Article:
“Tatsu was the name of our cat. It was sort of a mascot, and it still is, as part of the logo,” says Steven Ramsey, who runs Oakland-based independent label Constellation Tatsu. The imprint has been in operation since 2012, releasing a wide range of experimental music on cassette tape and occasionally on vinyl, too.
Ramsey got the idea to start a label when he was working as a general manager at San Luis Obispo’s KCPR radio station. “I was trying to figure out programs and ways to encourage community interaction,” he says. Eventually, he simply contacted a few artists and started releasing their music on cassette.
While economic factors played a big role in the label’s first choice of format, the cassette’s inherent DIY-ness was a factor, too. “One of the first few tapes I got in the mail had a nice little handwritten card. It felt like a direct way of supporting the artist,” Ramsey says. He wanted Constellation Tatsu to be part of this warm, spirited community.
In the past six years, the label has become a unique voice among U.S. cassette labels. The works the label releases range from contemplative ambient and dense drones to relaxing New Age, from imaginary industrial soundtracks to harp and koto improvisations. Artists from all over the globe contribute, and the resulting catalog (priced affordably at $20 for the lot on Bandcamp) is one you can spend days exploring.
An overarching theme woven through the whole Constellation Tatsu catalog is the motto “adventurous and spiritual.” This phrase comes from an architecture book that Ramsey was reading when he was starting the imprint. “At that particular time, I was interested in De Stijl and Japanese architecture. A lot of [those styles have] to do with the way things flow together,” he says. This flow is something that remains crucial, both within individual releases, but also in terms of overall curation. Constellation Tatsu releases tapes in batches and the aim is to create full experiences; the individual batches have their own unique narratives.
The label’s next batch is arriving imminently, and it will introduce three new names to the label: U.K.-based guitarist Alex Crispin, Japan-based Canadian musician Endurance, and Spanish project Lunaria. It’ll also welcome back one of the label’s (and genre’s) greats, Chihei Hatakeyama.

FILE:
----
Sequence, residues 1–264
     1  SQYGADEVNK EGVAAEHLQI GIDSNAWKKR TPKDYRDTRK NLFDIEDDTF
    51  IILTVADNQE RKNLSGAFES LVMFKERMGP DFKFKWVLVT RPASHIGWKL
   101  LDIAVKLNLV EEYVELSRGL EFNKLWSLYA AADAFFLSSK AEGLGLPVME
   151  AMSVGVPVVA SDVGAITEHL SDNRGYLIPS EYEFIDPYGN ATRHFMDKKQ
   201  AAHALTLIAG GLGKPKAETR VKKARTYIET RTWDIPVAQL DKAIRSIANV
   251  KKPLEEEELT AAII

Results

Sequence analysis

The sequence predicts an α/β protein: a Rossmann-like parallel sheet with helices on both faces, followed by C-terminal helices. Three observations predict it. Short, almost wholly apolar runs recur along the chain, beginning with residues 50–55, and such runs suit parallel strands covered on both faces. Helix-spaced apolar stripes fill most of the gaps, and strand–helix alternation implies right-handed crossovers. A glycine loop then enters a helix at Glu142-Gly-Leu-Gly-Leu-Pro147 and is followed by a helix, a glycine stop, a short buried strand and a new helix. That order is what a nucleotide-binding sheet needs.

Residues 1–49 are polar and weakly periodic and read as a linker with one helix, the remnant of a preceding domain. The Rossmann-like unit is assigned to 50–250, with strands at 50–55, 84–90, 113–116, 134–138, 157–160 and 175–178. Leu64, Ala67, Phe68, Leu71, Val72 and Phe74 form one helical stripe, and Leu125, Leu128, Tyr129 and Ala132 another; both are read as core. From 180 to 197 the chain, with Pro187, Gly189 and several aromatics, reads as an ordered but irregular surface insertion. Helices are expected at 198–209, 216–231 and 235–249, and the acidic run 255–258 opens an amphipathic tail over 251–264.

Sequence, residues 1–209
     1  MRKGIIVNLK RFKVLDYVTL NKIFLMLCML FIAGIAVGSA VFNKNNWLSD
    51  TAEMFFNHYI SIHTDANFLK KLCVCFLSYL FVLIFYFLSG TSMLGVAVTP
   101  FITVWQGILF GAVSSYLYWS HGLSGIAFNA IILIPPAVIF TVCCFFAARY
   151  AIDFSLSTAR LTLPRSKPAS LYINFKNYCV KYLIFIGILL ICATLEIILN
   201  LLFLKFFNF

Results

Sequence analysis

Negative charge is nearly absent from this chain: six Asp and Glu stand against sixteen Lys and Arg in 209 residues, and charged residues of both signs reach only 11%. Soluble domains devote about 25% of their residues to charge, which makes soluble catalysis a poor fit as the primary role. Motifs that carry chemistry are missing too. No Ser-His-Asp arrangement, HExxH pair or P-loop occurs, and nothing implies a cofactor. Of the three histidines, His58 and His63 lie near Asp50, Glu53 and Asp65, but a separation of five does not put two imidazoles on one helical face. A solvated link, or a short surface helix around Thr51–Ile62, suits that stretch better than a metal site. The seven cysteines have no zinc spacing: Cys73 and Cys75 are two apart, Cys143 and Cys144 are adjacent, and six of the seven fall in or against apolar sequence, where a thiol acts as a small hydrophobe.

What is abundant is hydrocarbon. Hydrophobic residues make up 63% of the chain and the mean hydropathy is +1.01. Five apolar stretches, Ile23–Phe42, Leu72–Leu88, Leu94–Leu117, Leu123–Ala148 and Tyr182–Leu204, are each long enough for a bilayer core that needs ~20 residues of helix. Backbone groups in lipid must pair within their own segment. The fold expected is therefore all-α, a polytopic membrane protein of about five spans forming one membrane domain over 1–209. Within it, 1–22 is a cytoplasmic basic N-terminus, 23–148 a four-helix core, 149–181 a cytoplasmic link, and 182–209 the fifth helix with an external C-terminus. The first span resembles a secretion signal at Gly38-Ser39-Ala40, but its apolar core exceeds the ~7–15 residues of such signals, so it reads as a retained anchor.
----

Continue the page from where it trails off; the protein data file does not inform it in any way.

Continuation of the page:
But as we look ahead, we revisit Constellation Tatsu’s diverse back catalog. Below, we explore seven of the label’s most interesting records.
Kara-Lis Coverdale is a Montreal-based composer and multi-instrumentalist. Her debut release A 480, released on Constellation Tatsu in 2014, is a highly conceptual collection of post-minimalist process pieces. Here, the voices of actual singers are convoluted by manifold digital manipulations into short loops, which reappear on A 480as digital reincarnations of the original recordings. This is a fascinating release full of ebbing and flowing waves of sound, and a good place to start exploring Coverdale’s body of work.
Music for Film
“Conceptual albums for non-existent experiences is a concept I’m always down for,” shares Ramsey. Giant Claw, aka Keith Rankin of Orange Milk Records, paints pictures of futuristic industrial districts in his collage work Music for Film, described on the album page as “machines heaving against the sun—shadows of pirouetting cogs, skipping pistons, and graceful automatons flaunting a defiant ballet of life under the hellish gaze of the sun.” It’s a world to get lost in.
Fear is the World
Atariame is a Moscow-based songwriter and musician named Natalia Salmina, whose blend of lo-fi folk and shoegaze-y avant-pop may perhaps initially feel out of place on Constellation Tatsu. Fear is the World— written during a particularly lonely and cold winter Salmina spent in St. Petersburg—is utterly beautiful, though. Its sprawling guitars and synths create a dense textural backdrop for Salmina’s reverberant voice. Despite being written in frosty and solitude conditions, Fear is the World feels warm, almost comforting.
Celer + Forest Management
Landmarks is the first collaborative album by two contemporary drone musicians, Tokyo-based Celer and Chicago-based Forest Management. Its 14 pieces of varying lengths (from under 30 seconds to roughly 10 minutes) serve as an alternate soundtrack to Peter Weir’s film The Mosquito Coast, based on the Paul Theroux novel. Crafted using tape machines, loops, and computers, Landmarks is a nostalgic epic by two of the genre’s greats. This is grainy and utterly blissful music imbued with the haunting atmosphere of half-forgotten dreams and a distinctly tape-y feel. “Hotel Mona Lisa” is the perfect example: a single tape loop comes back time and time again, each time more hypnotic than before.
Mary Lattimore & Maxwell August Croy
One of the two LPs released by Constellation Tatsu, this collaborative (and entirely improvised) album titled Terelan Canyon by harpist Mary Lattimore and koto player Maxwell August Croy offers a gorgeous and rare glance into a world where harp and koto unite. This whole album is truly otherworldly and transportive. Listening feels almost intrusive, such are the fragility and purity of both of these instruments.
As the final installment of a trilogy of releases by Rose, Transference offers lush atmospheres and light excursions into the house genre. All three releases—Deliverance, Exile, and Transference—were released by Constellation Tatsu, so Rose is a true member of the label family. “It’s a pity that this is the end; I’d love to put out some more of his music out, if possible,” says Ramsey.
Qualities of Bodies Permanent
Ramsey contacted Sarah Davachi after seeing her perform in Oakland around 2014; Qualities of Bodies Permanent is the resulting release. This is spiritual drone music at its most potent—Davachi’s compositions for various synthesizers and instruments feel sacred and powerful.